After years of not wearing one, I recently bought myself a fairly cheap and very shiny new wristwatch. It does double duty, blinding my enemies with its ruthless, flashing glare and allowing me to learn the time of day without going anywhere near a digital device, most importantly my smartphone. The latter is obviously the greatest of its two awesome powers.
(I chose this watch by brand, but not for any of the reasons people more commonly chose one brand over another. I liked the name (Lorus), which made me think of slow lorises, and that made me imagine moving beyond mere slow food and straight into slow time.)
E.M. Forster clearly didn’t have in mind people tied to tiny computers each and every moment of the day when he urged us to “Only connect.” As someone who remembers life without computers and constant internet connectivity, I have a sense of what’s been lost: the quiet pleasure of receiving a handwritten letter in the mail; the ability or at least the possibility of only walking in the park, or of only hanging out with one’s dog or baby, or of only having dinner with someone amazing, or of only taking work calls at work on the work phone; the possibility of correcting a call centre employee’s pronunciation of my name or reminding same that marriage doesn’t necessarily mean the lady of the house has changed her name because this is, after all, the future (sort of); really never knowing what’s going to happen on that TV show tonight until actually watching it because there was no medium for conveying Terrible Spoilers.
Everyone seems to be on their phone all the time, in all places. If this is reality, surely I should accept it if I can’t embrace it; I should at least mind my own business. I generally do mind my own b, at least in purely practical terms, because while I may smirk and disapprove silently when I see a bored baby in a stroller being pushed along by someone yacking into their planet-sized iPhone 6, I don’t generally do or say anything about it.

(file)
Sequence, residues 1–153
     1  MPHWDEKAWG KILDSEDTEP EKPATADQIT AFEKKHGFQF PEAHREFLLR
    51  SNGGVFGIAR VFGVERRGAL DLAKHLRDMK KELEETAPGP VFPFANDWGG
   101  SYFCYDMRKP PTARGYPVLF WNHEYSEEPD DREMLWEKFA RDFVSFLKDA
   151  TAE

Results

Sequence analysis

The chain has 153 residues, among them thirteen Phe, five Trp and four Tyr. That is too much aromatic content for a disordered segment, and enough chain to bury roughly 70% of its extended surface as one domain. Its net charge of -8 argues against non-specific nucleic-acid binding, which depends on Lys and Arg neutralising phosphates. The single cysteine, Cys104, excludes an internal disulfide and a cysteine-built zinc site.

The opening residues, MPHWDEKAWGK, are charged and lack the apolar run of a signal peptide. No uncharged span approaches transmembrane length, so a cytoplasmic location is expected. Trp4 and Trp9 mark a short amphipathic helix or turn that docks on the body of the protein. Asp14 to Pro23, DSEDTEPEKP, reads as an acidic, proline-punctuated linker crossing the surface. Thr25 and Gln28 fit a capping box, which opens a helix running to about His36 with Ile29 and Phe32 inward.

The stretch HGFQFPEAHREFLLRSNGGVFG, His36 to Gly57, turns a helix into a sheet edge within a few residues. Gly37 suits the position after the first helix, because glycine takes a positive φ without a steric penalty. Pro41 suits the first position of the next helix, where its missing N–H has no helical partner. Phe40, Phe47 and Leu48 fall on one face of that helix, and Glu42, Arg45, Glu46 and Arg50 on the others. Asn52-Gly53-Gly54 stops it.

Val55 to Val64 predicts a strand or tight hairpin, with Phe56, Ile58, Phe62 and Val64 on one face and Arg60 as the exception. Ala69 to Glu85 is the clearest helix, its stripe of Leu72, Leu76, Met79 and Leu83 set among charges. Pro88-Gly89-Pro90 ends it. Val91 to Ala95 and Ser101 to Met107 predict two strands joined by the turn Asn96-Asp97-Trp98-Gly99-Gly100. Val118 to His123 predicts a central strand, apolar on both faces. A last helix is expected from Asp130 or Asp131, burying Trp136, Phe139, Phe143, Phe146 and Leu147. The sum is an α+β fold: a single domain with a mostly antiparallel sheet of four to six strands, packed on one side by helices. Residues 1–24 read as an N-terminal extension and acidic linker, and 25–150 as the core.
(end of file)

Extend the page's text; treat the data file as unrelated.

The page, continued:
(I confess that I have, on more than one occasion, but probably fewer than seven occasions, informed neglected diners in fancy restaurants of what a Captain Shitpanpake their date was for having a full-on strategy session on their phones while they sat twiddling their thumbs and looking uncomfortable.)
But I do get caught up in one beautiful and recurring daydream about inflicting even brief moments of disconnection upon passersby; it is a vision that is outrageous, curmudgeonly, dramatic and would probably be illegal if actually performed (which it hasn’t, at least not by me):
I imagine walking up to people and, somehow without hurting either them or myself, smacking their smartphones powerfully and gracefully out of their hands; of punting it high into the air, perhaps with a cricket mallet, where it hovers in slow motion, and glints in the sunlight before it spins and drops; of watching that phone fall suddenly to earth and land beneath the wheels of a remorseless and almost impossibly heavy transport truck; perhaps a transport truck shipping supplies between two black holes; heavy. And then instructing those astonished persons, in a stage whisper worthy of a manic Shakespearean actor afflicted with strep throat, “Now live. LIVE!!”
Of course, one just doesn’t (any of the above), for the most part. This is Canada; we can barely look each other in the face. But maybe the millennials will begin a revolution and instead of draft cards and bras, they’ll burn their mobile devices (or, even better, send them to earth-friendly recycling facilities and then go borrow a book from the library to cement that budding virtue). Or not. But damme if I don’t get an old-school Walkman and a fine camera that is really only a camera too, so that I need never take my fecking cell phone outside the house ever again.